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The US House of Representatives is scheduled to vote Thursday on a bill that will enable homeowners to modify their mortgages in chapter 13 bankruptcy.

These mortgage modifications are known by the more vernacular term, “cram downs.”  Under the proposed law, a bankruptcy judge could reduce the balance of a first mortgage to fair market value and re-amortize it, reducing the monthly payments and making it easier for financially distressed homeowners to keep their homes.  Chip Parker of Bankruptcy Law Network explains in detail here.

This legislation would help stem the tide of foreclosures by encouraging lenders to cram down mortgages out of court on terms they negotiate with the homeowner rather than having a bankruptcy judge impose them. 

Either way, fewer economically strapped homeowners would lose their homes and house prices in neighborhoods decimated by foreclosures would have a chance to stabilize.

Members of the mortgage industry are rattling the bars of their playpens in protest.  Permitting chapter 13 mortgage cram downs would have long-term regulatory side effects, as described in “Just Say Yes To Cram Downs” by the late, great Tanta of Calculated Risk:

In fact, I have some sympathy with the view that mortgage lenders “perform a valuable social service through their loans.” That’s why, when they stop doing that and become predators, equity strippers, and bubble-blowers instead of valuable social service providers, I like seeing BK judges slap them around. Everybody talks a lot about moral hazard, and the reality is that you’re a lot less likely to put a borrower with a weak credit history, whose income you did not verify and whose debt ratios are absurd, into a 100% financed home purchase loan on terms that are “affordable” only for a year or two, if you face having that loan restructured in Chapter 13.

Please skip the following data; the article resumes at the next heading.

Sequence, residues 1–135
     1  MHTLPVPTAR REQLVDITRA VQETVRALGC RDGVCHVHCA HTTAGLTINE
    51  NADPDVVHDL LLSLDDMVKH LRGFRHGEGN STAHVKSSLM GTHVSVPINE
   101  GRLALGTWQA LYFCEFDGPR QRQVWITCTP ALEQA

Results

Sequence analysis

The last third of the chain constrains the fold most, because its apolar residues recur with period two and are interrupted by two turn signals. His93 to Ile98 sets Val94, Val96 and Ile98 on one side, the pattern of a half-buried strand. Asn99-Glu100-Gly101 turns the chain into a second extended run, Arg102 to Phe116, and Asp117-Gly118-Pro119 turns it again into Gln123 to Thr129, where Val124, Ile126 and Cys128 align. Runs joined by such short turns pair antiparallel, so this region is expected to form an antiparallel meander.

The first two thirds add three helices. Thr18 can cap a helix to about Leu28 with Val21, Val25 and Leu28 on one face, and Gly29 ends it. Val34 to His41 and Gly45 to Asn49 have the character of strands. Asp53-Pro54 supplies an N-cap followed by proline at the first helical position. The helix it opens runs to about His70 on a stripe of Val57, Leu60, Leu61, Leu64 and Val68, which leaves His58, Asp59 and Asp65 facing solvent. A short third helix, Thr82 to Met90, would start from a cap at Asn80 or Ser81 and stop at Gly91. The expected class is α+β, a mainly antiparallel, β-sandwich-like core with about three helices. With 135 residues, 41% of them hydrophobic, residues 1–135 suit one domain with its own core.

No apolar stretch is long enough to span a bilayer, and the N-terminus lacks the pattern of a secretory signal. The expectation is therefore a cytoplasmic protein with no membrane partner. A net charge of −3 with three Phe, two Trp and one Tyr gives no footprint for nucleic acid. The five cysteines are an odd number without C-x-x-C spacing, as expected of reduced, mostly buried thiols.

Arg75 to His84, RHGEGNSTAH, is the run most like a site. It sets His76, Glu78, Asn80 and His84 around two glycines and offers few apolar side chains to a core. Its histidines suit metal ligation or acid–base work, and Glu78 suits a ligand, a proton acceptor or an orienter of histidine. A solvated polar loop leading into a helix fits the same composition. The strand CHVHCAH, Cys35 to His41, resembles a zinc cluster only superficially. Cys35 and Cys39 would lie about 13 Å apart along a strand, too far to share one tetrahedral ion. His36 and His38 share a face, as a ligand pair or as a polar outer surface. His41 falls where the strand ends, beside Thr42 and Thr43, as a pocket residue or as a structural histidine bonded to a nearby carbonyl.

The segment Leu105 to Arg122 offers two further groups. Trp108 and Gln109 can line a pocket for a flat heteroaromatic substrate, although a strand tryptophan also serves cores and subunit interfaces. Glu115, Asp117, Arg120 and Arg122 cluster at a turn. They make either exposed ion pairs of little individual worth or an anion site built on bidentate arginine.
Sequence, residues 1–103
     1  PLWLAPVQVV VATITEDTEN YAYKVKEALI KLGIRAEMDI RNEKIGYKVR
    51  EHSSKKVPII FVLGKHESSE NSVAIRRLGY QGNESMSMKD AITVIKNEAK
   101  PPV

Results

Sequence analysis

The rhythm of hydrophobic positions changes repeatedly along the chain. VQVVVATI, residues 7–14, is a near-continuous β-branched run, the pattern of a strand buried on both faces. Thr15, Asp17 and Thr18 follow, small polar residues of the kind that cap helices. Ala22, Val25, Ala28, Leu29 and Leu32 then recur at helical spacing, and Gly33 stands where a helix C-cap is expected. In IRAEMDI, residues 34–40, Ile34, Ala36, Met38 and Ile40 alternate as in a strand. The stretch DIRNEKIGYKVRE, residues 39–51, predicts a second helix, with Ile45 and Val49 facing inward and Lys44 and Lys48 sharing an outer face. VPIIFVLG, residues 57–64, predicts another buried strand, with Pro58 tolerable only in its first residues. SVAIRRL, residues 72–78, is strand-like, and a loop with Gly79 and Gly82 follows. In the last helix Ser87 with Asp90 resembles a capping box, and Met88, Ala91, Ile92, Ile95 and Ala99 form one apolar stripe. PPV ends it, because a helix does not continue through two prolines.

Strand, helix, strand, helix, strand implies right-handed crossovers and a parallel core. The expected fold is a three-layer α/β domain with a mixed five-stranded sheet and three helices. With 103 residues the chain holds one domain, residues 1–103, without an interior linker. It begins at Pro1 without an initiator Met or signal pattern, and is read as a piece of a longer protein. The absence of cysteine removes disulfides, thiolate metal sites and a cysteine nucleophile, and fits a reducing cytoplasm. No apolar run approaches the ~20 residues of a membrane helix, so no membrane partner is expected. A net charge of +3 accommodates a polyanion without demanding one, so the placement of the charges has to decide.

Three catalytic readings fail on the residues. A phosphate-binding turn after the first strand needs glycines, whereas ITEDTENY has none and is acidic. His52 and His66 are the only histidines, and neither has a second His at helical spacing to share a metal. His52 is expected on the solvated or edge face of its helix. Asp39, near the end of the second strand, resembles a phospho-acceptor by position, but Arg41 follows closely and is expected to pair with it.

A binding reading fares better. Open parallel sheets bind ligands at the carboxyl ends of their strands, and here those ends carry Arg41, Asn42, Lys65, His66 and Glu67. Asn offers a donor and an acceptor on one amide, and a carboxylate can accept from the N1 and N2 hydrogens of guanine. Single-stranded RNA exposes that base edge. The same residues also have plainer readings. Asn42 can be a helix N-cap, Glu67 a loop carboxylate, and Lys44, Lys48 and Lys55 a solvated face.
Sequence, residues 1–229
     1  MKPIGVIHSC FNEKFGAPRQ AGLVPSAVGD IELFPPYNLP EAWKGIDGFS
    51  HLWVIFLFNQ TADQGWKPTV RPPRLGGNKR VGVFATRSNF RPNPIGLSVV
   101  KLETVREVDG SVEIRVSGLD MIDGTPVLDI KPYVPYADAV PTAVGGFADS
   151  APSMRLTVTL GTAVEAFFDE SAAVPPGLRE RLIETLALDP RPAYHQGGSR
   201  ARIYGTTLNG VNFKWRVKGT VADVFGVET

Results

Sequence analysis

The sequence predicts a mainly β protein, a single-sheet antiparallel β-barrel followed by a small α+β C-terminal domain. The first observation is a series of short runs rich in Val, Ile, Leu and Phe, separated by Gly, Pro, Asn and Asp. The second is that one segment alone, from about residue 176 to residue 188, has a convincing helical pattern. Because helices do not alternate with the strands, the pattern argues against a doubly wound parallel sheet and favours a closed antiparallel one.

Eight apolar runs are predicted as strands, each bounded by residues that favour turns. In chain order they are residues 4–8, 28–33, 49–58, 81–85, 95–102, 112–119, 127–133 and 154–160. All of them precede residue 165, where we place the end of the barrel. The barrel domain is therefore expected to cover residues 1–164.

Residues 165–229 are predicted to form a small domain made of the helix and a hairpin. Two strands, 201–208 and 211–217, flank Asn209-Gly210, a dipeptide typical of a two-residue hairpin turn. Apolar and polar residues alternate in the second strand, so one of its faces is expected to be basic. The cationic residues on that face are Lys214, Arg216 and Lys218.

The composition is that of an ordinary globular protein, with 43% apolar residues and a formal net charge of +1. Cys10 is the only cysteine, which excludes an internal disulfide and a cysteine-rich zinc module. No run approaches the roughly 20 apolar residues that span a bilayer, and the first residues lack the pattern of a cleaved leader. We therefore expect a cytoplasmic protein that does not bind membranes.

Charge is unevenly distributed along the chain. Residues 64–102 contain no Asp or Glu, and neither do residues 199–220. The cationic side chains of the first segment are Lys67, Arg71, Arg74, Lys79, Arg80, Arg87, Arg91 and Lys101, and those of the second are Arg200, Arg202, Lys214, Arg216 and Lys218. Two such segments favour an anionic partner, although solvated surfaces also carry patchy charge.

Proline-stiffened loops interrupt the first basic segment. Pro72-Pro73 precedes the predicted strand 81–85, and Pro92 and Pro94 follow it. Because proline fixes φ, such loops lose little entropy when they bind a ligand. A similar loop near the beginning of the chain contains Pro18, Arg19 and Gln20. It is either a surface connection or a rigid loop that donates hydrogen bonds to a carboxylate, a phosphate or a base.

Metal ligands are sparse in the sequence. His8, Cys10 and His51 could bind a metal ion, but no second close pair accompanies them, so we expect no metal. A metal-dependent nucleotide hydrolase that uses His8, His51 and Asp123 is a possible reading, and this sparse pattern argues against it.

Robert Allen Stanford, the alleged mastermind of this month’s Ponzi scheme, once boasted of his plan for a private island mega-resort, a Club Med on steroids for the exponentially rich.  From Dealbook:

In an October 2008 article, Mr. Stanford told Forbes that he was planning to build an elite resort on what the magazine described as an “undisclosed island in the Caribbean.” At the time, Mr. Stanford said that he was working with 17 architectural and engineering firms to build 30 mansions for a development to be called the Islands Club.

Scheduled to open in 2011, it would have featured the largest private aviation complex in the world, Forbes said, with enough room to park 100 private jets as well as a jumbo marina with enough dock space for 30 massive yachts. The super-exclusive resort would require members to shell out a $50 million deposit, which would be refunded if they left the development. That was on top of the $15 million annual membership fee.

Dealbreaker took a James Bond angle:

All we need now is to blow up Tim Geithner’s seaplane with a solar powered laser and for Nick Nack to show up and start tempting regulators into a funhouse gun battle on the Man With The Golden Gun’s private island.

New York Magazine’s Daily Intel took its cue from “Lost,” pasting Stanford’s head on Ben’s parka-clad body as he was about to turn the wheel in the Orchid Station’s secret underground cavern (you can watch the show online).

I see a combination “Wall Street” sequel/“Apocalypse Now” tribute (is this a great pitch or what?):

• Bud Fox (Charlie Sheen) is finishing his time in a post-prison federal halfway house.  Men from an undefined agency visit him and make an offer; “terminate the Ponzi – with extreme prejudice” and he will receive a presidential pardon.  Charlie reprises his dad’s role in “Apocalypse” and gives the publicists a great marketing hook.

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